Republicans also wish to make the Research and Development tax credit permanent (Barton). These three tax reforms combined, Republicans believe, will encourage and promote entrepreneurship (“Republican National Committee”). They also believe in encouraging saving and investments by implementing a tax credit for investments. However, despite their support for lowering taxes, Republicans do believe that tax cuts or tax incentives without any balancing spending cuts are detrimental to the economy (Barton).

Another difference in political parties is the way both parties feel the government should be spending money. Republicans believe government should tax only to raise money for its essential functions (Diamond & Gunther, 23). That is, Republicans believe government should spend money only to enforce contracts, maintain basic infrastructure and national security, and protect citizens against criminals (“Republican National Committee | GOP”). The literature of the House Republican Conference goes on to illuminate the role of the government and how tax policies affect individuals: The money the government spends does not belong to the government; it belongs to the taxpayers who earned it (Democrats vs. Republicans).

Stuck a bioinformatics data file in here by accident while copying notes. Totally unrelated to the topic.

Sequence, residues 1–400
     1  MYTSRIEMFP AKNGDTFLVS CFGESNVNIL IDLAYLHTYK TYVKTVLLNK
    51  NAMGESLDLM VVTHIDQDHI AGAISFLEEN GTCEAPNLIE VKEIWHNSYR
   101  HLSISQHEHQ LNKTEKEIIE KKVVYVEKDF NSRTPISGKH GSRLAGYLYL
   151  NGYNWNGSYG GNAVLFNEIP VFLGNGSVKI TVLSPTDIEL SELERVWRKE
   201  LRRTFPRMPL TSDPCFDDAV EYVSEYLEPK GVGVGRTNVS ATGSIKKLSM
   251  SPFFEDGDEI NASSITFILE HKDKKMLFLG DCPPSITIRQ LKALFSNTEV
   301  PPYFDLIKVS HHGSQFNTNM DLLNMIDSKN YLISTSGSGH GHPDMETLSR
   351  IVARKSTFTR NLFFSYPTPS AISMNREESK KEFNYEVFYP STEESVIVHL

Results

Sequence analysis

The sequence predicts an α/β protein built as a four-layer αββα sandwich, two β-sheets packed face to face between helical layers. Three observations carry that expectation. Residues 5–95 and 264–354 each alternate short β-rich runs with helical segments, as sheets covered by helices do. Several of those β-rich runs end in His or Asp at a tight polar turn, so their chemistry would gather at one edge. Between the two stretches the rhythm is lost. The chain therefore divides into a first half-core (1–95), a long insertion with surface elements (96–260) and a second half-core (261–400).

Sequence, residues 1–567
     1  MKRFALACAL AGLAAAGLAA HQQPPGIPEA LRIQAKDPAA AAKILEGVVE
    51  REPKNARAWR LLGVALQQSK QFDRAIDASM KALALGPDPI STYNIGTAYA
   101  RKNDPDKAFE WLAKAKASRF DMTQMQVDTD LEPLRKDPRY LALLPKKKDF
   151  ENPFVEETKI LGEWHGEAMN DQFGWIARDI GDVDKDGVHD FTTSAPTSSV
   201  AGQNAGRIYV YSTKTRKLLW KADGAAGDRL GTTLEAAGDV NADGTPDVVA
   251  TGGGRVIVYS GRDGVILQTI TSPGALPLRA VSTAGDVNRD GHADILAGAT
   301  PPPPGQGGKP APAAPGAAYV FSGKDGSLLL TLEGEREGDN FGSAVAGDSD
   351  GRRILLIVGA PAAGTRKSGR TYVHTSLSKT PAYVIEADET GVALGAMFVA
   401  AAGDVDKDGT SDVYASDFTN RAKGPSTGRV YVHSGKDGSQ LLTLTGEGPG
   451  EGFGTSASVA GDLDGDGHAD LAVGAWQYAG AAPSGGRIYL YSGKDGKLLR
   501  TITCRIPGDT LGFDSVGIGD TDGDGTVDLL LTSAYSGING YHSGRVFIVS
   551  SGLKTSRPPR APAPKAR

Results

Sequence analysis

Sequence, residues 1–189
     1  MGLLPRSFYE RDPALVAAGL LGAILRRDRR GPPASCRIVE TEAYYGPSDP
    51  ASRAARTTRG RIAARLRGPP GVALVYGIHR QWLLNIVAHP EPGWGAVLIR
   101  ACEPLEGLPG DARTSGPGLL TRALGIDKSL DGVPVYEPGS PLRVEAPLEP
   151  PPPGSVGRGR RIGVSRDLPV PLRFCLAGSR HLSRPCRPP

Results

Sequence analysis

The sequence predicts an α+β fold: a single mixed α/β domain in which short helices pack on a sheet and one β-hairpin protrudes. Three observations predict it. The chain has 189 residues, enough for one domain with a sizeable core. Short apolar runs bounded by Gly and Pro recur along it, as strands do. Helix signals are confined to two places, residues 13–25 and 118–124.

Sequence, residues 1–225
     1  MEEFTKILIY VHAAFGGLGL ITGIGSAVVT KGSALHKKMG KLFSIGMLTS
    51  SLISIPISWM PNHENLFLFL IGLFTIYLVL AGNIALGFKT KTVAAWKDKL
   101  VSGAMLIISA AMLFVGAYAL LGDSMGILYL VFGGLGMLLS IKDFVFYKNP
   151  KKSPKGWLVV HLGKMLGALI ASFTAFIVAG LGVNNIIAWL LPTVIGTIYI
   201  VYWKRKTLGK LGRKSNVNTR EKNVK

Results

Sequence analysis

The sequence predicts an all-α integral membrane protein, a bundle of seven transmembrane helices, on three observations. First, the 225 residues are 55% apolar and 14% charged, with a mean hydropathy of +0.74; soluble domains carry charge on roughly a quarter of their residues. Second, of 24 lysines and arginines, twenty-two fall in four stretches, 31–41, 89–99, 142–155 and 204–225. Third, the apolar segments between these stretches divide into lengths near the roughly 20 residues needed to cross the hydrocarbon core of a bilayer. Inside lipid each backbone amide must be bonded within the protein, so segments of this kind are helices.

Republicans believe Americans deserve to keep more of their own money to save and invest for the future, and low tax policies help drive a strong and healthy economy (“Republican National Committee | GOP”). Tax relief is the Republican route to growing the economy (Barton). A Republican government would reduce taxes for businesses to allow businesses to grow and thus hire more employees (Barton). Republicans also seek to limit income taxes for individuals so that people can hold on to more disposable income, which they can then spend, save or invest (Barton).

Like the Republicans, Democrats believe the government should subsidize vital services that keep cities, states and the country running: infrastructure such as road and bridge maintenance and repairs for schools (Barton). Democrats also call for tax cuts for the middle class. But who benefits most under each platform? The conventional wisdom is that corporations and the wealthy will benefit more with a Republican tax policy while small businesses and middle-class households will benefit from a Democratic tax policy (“Our Party”).

The next topic is about social issues such as abortion and same-sex marriages. Democrats are generally for abortion (Our Party). The party strongly and unequivocally supports Roe v. Wade and the investment in stem cell and other medical research. They want to pursue embryonic stem cell research. Democrats support right to choose even if mother cannot pay. They strongly believe that choice is a fundamental and constitutional right. Democrats support the right of all families to have equal respect, responsibilities, and protections under the law. The party supports marriage equality and support the movement to secure equal treatment under law for same-sex couples. They also support the freedom of churches and religious entities to decide how to administer marriage as a religious sacrament without government interference.